The transfer and expression of cytokine genes into malignant cells to provide a more effective tumor response has shown promise. The majority of murine models in which tumor vaccination strategies have been tested have utilized selected and expanded clones of tumor cells, which is impractical clinically. In a model of murine B lineage lymphoma (BDL-2), we compared the effectiveness of tumor vaccines composed of a) a BDL-2 clone established by G-418 resistance following transduction with the LIL2SN retrovirus and screened for maximal IL-2 secretion, b) a syngeneic fibroblast line transduced with LIL2SN and screened for G-418 resistance and IL-2 expression, which was co-injected with the parental line, and c) a heterogeneous (unselected) population of BDL-2 cells transduced with the MFG/IL2 virus, reported to provide enhanced expression of cytokine genes and minimize the need for selection. Testing of splenocytes derived from vaccinated animals reveals that injections of BDL-2 expressing IL-2 results in an increased capacity of splenocytes to kill BDL-2 in vitro, compared to vaccination of BDL-2 alone or in combination with IL-2 secreting fibroblasts. We show that a vaccine composed of MFG/IL2 transduced, unselected BDL-2 cells is equivalent or superior to a clone derived from LIL2SN transduction in prolonging survival of animals with previously established tumor. These studies provide evidence that transduction of tumor with MFG based vectors without in vitro selection leads to expression of high levels of IL-2 and can impact the survival of animals with disseminated tumor.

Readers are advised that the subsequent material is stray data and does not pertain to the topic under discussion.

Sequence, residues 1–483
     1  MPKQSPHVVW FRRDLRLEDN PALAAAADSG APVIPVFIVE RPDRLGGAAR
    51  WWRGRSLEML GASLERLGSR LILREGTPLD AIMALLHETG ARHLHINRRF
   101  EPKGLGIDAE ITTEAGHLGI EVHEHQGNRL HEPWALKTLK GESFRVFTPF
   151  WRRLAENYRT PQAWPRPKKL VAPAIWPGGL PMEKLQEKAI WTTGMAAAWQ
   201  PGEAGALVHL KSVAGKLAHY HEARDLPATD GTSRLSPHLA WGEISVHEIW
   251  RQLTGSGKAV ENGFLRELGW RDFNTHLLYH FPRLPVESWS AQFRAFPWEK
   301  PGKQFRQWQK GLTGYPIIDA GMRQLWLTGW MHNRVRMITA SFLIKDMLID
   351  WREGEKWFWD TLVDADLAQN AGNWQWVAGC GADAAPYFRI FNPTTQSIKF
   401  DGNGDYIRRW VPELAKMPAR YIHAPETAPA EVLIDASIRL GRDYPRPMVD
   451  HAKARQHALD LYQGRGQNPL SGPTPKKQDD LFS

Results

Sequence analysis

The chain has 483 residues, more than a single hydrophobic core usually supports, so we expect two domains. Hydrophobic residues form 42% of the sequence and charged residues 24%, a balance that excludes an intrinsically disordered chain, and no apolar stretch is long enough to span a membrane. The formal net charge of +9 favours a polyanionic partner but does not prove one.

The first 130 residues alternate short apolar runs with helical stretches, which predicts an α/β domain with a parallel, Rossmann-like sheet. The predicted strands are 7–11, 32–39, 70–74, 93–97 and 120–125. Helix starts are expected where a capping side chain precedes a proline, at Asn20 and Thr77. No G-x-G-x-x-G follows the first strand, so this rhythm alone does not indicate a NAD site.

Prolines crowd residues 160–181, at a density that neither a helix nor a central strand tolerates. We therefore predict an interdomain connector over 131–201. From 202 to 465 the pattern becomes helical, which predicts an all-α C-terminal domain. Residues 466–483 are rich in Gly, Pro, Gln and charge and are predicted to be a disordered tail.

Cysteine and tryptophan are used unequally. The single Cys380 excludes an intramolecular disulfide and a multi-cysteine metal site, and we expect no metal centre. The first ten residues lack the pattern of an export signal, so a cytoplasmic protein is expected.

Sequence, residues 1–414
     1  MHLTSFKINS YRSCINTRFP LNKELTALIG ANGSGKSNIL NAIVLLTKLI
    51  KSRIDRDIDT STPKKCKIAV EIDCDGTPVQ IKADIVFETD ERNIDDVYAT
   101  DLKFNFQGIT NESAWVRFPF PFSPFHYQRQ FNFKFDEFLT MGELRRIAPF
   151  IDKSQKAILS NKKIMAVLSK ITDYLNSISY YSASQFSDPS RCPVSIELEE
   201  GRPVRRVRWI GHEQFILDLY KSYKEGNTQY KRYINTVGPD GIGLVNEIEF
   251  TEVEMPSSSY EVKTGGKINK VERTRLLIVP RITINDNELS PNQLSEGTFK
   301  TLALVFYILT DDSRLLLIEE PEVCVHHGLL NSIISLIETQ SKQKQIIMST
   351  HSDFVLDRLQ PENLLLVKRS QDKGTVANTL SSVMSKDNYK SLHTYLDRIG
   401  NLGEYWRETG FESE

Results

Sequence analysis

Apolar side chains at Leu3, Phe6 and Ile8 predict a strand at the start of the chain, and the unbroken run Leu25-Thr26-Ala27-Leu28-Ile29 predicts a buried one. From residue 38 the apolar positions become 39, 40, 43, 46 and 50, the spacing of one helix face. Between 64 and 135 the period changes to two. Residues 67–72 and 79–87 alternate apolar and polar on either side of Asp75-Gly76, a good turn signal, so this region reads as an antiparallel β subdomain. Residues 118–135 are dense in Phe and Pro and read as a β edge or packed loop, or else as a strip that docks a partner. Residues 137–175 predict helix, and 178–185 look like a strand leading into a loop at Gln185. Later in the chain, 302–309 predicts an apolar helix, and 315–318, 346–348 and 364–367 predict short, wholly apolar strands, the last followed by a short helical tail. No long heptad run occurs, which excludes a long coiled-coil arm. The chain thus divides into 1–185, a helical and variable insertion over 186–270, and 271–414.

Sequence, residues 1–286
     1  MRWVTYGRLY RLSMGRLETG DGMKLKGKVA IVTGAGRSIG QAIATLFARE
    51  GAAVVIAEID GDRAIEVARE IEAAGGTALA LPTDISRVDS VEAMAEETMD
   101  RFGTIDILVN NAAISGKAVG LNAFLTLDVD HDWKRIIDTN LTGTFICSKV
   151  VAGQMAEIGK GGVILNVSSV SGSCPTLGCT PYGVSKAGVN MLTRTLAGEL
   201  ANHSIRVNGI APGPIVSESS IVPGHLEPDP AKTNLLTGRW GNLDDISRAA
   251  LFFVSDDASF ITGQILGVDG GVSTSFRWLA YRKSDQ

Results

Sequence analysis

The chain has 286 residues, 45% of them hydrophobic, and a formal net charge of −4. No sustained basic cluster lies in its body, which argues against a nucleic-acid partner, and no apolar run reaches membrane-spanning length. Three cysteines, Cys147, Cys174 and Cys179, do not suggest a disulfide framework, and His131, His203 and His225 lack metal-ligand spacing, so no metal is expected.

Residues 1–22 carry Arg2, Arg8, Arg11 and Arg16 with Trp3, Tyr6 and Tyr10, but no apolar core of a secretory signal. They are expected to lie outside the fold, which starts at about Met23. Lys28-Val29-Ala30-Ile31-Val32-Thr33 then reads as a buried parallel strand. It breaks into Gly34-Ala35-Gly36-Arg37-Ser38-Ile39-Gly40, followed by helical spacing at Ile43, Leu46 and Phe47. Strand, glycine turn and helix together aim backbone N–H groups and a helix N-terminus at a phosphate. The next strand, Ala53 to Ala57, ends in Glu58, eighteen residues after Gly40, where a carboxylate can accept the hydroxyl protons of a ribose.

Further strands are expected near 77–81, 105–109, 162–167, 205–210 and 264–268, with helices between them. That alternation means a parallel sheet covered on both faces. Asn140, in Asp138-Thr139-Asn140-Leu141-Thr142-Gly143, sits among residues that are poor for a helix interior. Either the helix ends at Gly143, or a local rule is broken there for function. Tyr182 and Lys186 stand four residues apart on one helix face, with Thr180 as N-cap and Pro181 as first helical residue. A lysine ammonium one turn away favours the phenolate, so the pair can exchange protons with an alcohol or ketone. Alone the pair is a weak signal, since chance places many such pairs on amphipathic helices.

- gene therapy